How Lenten Penance Can Springboard Your Spiritual Growth

Mortification–the Catholic Lenten treat.

Every year, on Ash Wednesday, Catholics gear up for the annual torture fest…Lent! What will you give up this year? Chocolate…again? Coffee? Ooh, that’s gonna hurt!

Why do we enter into this pain every year? Do Catholics just love to suffer? Or, is it really true that the Church doesn’t want us to have too much fun? (Hint: that’s not the answer!)

Well, there is an aspect of sorrow and reparation for sin that is expressed in giving up the stuff you enjoy, but there’s more to it than that. There’s a science to spiritual growth and Lenten mortification can serve as a springboard for renewal.

What is mortification anyway?

Mortification is one of those great Catholic words that people “in the know” throw around.

Mortifications are penances that involve some form of self-denial. Fasting is one of the primary forms. In Latin, mortis means death. Mortification “puts to death” sinful tendencies and desires that are sometimes hard to control.

Saying no to destructive desires can be a very good thing.

Matthew Kelly on Lenten fasting

In Rediscovering Catholicism, Matthew Kelly says,

“The Lenten experience is a perfect example of the Church’s intimate understanding of the nature of the human person. The forty days of Lent are an ideal period for renewal. Lent is the perfect span of time to form new life-giving habits and abandon old self-destructive habits. But most of us just give up chocolate and when Easter arrives we are not much further advanced spiritually than we were at the beginning of Lent” (p. 259).

The springboard for spiritual growth

It takes about 30 days to form a habit. So, like Matthew Kelly suggests, why not put the 40 days of Lent to good use?

What is your biggest vice? Figure that out and start doing things to defeat it! Make a concentrated effort during Lent and you can slack off later but it will be easier to continue.

  • Get angry easily? Give up arguing back. Stay silent when someone is mean to you (and you thought giving up chocolate was hard?).
  • Insanely jealous of that coworker? Go out of your way to congratulate them or wish them well.
  • Do you spend too much on stuff you don’t need? Give up shopping for whatever you buy too much of…clothes, shoes, electronic gadgets, etc.
  • Never make time to pray? Set up a schedule of daily prayer and make it a priority.
  • Have a problem with lust? Fast from looking at beautiful women the wrong way or from viewing porn.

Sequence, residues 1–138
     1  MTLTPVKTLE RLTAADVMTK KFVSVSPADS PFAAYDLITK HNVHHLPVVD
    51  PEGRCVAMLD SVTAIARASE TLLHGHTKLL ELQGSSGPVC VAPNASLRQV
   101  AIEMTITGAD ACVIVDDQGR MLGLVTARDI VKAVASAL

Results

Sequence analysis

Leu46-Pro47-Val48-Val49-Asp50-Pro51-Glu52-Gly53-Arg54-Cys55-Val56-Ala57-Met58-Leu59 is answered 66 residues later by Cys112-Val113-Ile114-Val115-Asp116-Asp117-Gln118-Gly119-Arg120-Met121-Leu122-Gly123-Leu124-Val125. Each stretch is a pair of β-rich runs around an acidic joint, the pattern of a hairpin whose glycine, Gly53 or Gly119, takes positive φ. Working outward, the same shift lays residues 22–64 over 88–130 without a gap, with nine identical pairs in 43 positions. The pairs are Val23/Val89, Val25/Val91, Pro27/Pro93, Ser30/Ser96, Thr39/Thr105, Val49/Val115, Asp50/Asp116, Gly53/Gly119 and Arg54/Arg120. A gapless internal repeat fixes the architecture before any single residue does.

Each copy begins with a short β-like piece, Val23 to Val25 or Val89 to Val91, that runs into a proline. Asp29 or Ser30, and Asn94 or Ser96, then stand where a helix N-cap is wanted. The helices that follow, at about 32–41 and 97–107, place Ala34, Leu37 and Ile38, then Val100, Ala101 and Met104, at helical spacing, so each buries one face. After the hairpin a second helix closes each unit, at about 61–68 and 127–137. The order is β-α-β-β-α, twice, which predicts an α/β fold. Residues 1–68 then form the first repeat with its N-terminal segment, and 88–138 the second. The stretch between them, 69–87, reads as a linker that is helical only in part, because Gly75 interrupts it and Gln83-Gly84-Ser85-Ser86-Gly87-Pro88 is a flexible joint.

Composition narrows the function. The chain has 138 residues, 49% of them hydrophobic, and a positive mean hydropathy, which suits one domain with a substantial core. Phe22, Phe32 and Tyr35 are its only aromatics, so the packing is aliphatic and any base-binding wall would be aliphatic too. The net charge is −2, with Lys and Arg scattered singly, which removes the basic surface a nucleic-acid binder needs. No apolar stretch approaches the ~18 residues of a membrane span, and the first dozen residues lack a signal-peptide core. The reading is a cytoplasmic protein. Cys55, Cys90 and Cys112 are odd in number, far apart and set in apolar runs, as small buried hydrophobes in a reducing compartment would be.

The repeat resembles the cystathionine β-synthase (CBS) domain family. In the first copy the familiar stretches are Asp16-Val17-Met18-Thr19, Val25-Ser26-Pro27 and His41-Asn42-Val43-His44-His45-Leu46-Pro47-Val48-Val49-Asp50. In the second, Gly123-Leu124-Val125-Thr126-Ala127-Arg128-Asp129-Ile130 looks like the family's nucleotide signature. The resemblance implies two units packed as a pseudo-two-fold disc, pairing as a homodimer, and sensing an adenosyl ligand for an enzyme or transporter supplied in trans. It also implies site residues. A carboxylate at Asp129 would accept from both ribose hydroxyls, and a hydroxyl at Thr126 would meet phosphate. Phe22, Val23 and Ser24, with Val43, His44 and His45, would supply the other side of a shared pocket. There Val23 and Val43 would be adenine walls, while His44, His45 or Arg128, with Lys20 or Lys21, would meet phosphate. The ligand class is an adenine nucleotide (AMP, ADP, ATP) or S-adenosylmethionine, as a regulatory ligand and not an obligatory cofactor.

Choose only one. That’s not so hard right? Besides, that’s all you’ll have energy for.

In Catholic spirituality, this is called working against your predominant fault. You have one vice that’s worse than any other. If you work on that one, the others will follow. That’s because good habits are all connected.

Catechetical Takeaway

Self-denial is important in the spiritual life.

Since the Fall, we don’t have complete control over our emotions. Passions like love, anger, hatred and pride can lead us to do stupid things. Our desires for food, sex, wealth and success enslave us. They can become overwhelming and lead to unhealthy attitudes.

Mortifications work to “put to death” these often unruly passions and desires. Once you kill them, you can control them. Control of your actions leads to freedom. So, ironically, mortification brings fullness of life–not death.

Your turn:

  • Can you think of other creative ways to mortify the more “popular” vices? The comment box is open!

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Comments

  1. Dear Marc, I just happened by your Website by chance while asking a question about Prayer. To my amazement
    the subject is on another issue that I have been waiting for an answer from Father God about. My Heart’s Desire.
    I have been single now for 31 yrs.,not dating in all of this time. I prayed to find a Man of God to come into my life and fall in love with me as I will him,not lust. I have had lustful relationships before and they ended in a lot of hurt and pain. It is hard to keep waiting for that special person . I want to marry again, but,I keep getting, Is.40:31
    Wait on the Lord. I have been greatly encouraged by the
    comments on your Website by others who seem to be going through the same issue. The key thing that I Got out of your Website is: Matt.6:33 Seek Ye First the Kingdom of God and His Righteousness, and He will add all of these things to us. In Everything We must put Father God First,not our Heart’s Desire for a mate,a job,a car,house,anything that comes before our Love and Desire for Father God is a Sin.Amen

    • Marc Cardaronella says:

      Hi Myrtle! That is so cool that you got the answer to a different question. God works, doesn’t he?

      That is a great way to put it! I think you’re right, Matt 6:33 is exactly the verse that fits this. If we put his desires for us first, everything right will follow. The hardest thing is accepting that his will may not fit with our will. I just had one of those episodes happen today. I realized that I’ll have to give up my ideas on this matter and place them in God’s hands. If he wants them to happen, they will.

      Really, holiness is aligning your will perfectly with God’s and allowing him to lead you. Then, by prayer and discernment of spirits, you try to figure out where he’s leading. Much easier said than done but that’s what we should be striving for.

      Thanks for commenting and welcome to the blog!

Trackbacks

  1. […] The remnants of sin are like seeds sown in our souls. They incline us to more sin and keep us farther from God. We can’t simply moderate them, they have to be put to death–mortified! […]

  2. […] he longs to lavish on us. Because of our fallen nature, sometimes these get in the way. We have to mortify these–put them to […]

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